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. Last Updated: 07/27/2016

OPEC Agrees to Boost Output

VIENNA, Austria -- OPEC on Sunday agreed to raise production to stave off an oil price shock threatened by a strike in Venezuela and war in Iraq.

The Organization of the Petroleum Exporting Countries lifted output 7 percent, adding 1.5 million barrels per day for a new 10-member limit of 24.5 million bpd, the top end of expectations.

That will only go part of the way to compensate for an estimated 2-million-bpd stoppage from Venezuela because Caracas was granted its share of the higher limit and many others in OPEC have no spare capacity.

"Lack of capacity means actual additional oil will probably be less than half that promised on paper," said Gary Ross, chief executive of U.S. consultancy PIRA Energy. "OPEC production will still be less than had there been no Venezuelan disruption."

Political sensitivities in the cartel mean the extra oil was divided pro-rata, but key to flows now will be how quickly, and how far, leading producer Saudi Arabia opens the taps.

Riyadh controls most of the world's spare capacity and can only count on the United Arab Emirates for any substantial help. Algeria and Nigeria may be able to pump a little more.

Saudi Oil Minister Ali al-Naimi said he wants to prevent oil spiking to heights that might harm world economic growth.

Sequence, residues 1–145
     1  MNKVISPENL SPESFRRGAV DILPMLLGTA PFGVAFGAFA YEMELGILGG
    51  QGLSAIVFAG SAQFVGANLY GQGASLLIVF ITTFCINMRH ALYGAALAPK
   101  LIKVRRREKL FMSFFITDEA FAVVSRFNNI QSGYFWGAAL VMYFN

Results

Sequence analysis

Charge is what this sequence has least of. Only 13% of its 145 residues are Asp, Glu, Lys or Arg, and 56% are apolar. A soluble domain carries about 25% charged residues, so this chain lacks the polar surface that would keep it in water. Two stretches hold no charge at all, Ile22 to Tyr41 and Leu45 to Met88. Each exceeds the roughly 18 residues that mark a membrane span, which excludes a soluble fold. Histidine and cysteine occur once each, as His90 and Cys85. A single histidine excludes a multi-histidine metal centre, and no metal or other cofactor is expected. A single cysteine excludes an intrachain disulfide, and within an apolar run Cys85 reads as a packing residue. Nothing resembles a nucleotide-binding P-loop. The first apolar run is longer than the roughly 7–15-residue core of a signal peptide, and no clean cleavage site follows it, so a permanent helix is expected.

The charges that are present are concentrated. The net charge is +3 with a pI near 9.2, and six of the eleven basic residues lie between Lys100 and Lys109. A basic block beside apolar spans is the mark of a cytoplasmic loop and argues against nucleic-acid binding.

U.S. oil recently rose above $33 per barrel for the first time in two years and closed at $31.58 on Friday.

Naimi said Saudi Arabia already had moved to make up the shortfall. "There is no shortage. We never allowed the shortage to take place," he told reporters before Sunday's emergency meeting.

He said Saudi could lift flows to 10 million bpd at just two weeks' notice, some 2 million higher than independent estimates of output in December.

"We can get to 10.5 right away, but to maintain that level we need 90 days to formalize contracts for extra rigs with drilling companies," Naimi said.

But oil prices do not look like falling sharply any time soon.

"The oil market is still tight," said Ross of PIRA. "This will provide some relief but the extra will not arrive until the end of the first quarter."

An assault on Iraq, cutting another 2 million bpd, could leave OPEC floundering, if Venezuelan oil is not restored.

Worse, according to Ali Rodriguez, president of state oil company Petroleos de Venezuela SA, sabotage at oil fields, refineries and computer systems would prevent a return to production.

Venezuelan Oil Minister Rafael Ramirez said his country's output now was 800,000 bpd and would reach 2.5 million bpd by mid-February.

OPEC will review output when it meets again on March 11.